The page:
COLUMBIA, SC — Questions about a huge potato farm’s impact on the Edisto River basin are attracting the attention of a state lawmaker, who said he’s heard plenty of complaints from people who live near the massive agricultural operation in Aiken County.
Sen. Nikki Setzler, D-Lexington, said Friday he’s also concerned about the Walther Farms project. The project will draw potentially 9.6 billion gallons of water each year from the south fork of the Edisto River, a small stream that feeds the main river in the Lowcountry.
Many people worry that it will siphon too much water from the small river, while threatening the remote stream with polluted runoff.
“The Edisto River is a beloved resource for the people in this area and for the state,” Setzler said in a statement Friday. “We need to be sure everything is done to protect this natural resource. These water withdraw levels have me concerned about the impact on the Edisto’s ecosystem. People are passionate about this project and its impact on the environment.”
It’s unclear what opponents could do to stop the farm since state regulators already have approved a withdrawal of up to 6 billion gallons annually at one 3,700-acre site in central Aiken County. A second site that could draw more than 3 billion gallons annually is being considered for approval by the Department of Health and Environmental Control.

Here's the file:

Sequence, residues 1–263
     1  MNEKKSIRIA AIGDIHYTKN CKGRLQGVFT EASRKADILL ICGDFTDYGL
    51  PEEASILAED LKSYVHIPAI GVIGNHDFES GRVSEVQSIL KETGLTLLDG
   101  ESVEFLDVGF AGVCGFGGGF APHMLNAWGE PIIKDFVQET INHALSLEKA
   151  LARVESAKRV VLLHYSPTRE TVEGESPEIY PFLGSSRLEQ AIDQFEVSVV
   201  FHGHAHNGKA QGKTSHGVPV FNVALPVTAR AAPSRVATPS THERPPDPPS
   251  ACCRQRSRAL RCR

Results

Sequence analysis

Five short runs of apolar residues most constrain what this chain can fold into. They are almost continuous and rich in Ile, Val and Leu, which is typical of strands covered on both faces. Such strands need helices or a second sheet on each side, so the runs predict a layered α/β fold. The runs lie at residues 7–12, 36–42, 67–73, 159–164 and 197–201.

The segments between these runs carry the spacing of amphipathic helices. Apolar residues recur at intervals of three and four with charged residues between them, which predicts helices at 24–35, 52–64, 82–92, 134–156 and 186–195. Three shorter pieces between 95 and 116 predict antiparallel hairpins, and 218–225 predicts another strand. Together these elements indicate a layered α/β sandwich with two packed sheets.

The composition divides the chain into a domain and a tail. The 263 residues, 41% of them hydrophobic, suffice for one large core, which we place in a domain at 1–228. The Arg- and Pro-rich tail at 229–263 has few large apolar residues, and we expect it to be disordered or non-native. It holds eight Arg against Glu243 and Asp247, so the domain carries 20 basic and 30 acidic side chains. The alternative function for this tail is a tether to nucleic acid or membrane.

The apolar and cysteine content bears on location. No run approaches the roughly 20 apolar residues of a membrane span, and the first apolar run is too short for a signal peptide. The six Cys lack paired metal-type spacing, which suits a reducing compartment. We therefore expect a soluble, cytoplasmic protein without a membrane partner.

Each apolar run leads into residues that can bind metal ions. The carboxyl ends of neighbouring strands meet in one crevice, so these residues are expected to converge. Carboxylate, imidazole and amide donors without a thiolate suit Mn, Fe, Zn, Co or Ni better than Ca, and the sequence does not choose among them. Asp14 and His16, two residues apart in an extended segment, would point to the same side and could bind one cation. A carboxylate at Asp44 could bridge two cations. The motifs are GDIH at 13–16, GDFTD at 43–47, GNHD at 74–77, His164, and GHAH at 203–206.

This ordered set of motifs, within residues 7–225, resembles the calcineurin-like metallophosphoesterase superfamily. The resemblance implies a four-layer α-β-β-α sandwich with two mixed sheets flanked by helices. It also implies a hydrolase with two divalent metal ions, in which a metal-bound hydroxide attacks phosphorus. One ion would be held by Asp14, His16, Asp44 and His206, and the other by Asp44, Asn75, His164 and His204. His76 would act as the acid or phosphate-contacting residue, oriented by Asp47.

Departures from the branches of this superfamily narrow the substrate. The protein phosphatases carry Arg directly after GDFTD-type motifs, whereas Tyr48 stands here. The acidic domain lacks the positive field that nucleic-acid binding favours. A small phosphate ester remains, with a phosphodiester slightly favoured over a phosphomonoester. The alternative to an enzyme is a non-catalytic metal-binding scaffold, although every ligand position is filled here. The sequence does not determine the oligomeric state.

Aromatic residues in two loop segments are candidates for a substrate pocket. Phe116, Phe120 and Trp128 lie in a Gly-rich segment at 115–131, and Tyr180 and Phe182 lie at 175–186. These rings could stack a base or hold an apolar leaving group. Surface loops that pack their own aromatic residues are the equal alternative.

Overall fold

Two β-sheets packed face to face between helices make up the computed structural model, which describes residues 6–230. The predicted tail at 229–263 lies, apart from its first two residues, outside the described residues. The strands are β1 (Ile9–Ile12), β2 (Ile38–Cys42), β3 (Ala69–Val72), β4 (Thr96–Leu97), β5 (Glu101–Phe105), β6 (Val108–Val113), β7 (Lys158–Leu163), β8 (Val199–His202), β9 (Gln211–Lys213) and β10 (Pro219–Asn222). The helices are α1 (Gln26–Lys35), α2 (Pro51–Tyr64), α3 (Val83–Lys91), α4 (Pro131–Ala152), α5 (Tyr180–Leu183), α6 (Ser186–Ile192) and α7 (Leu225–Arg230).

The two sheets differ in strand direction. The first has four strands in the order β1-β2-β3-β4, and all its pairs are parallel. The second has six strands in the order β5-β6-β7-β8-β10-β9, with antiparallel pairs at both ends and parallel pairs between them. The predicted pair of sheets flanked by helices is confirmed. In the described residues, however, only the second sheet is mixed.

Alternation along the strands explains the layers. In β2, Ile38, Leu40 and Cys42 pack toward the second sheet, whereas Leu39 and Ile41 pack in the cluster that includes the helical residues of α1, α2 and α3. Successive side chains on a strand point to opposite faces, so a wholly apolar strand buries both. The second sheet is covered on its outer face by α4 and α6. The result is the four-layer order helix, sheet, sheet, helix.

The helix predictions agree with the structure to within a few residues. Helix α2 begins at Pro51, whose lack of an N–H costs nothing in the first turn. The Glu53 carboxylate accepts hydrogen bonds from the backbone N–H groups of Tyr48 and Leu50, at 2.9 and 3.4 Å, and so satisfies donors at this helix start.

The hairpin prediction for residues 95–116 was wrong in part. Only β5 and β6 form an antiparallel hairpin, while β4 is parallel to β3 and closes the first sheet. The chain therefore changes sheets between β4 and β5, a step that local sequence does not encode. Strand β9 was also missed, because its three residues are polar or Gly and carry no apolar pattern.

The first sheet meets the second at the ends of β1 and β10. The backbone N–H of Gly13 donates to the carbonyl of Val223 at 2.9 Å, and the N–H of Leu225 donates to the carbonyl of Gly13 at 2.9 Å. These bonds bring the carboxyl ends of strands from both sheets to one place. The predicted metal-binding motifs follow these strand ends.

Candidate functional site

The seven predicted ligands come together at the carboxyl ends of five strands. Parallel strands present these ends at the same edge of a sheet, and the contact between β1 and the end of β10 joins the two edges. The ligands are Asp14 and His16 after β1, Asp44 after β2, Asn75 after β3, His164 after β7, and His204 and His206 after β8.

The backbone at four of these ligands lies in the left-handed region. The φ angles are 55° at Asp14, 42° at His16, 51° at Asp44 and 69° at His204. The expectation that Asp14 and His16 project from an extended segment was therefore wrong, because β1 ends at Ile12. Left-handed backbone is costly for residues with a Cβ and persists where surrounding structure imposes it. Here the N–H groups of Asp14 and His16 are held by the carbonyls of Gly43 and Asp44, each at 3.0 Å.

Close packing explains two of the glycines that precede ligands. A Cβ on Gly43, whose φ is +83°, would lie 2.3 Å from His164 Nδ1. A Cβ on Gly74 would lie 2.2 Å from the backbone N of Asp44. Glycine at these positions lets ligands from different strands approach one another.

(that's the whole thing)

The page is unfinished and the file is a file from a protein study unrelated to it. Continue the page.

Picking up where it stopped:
Walther Farms, headquartered in Michigan, has about 13,000 acres of potato farms in eight states, but only recently entered South Carolina. The Palmetto State farm would be the state’s largest potato growing operation.
Company officials have been unavailable this week, but said in a recent interview with a student journalist that they will be good stewards of the environment. Walther came to South Carolina because of its good soil and welcoming attitude, one of the co-owners said.
Setzler represents parts of Lexington and Aiken counties.
Walther’s farm, near the community of Windsor, is being developed in a part of South Carolina beloved by nature enthusiasts. Extending from the state’s mid-section to the coast, the Edisto River cuts through the heart of the ACE Basin nature preserve, a 200,000-acre region of swamps, old rice plantations and deep forests.
The south fork of the Edisto, mostly in central Aiken and Orangeburg counties, and the north fork, much of it on the Aiken-Lexington county line, are narrower streams that form the main branch of the Edisto River.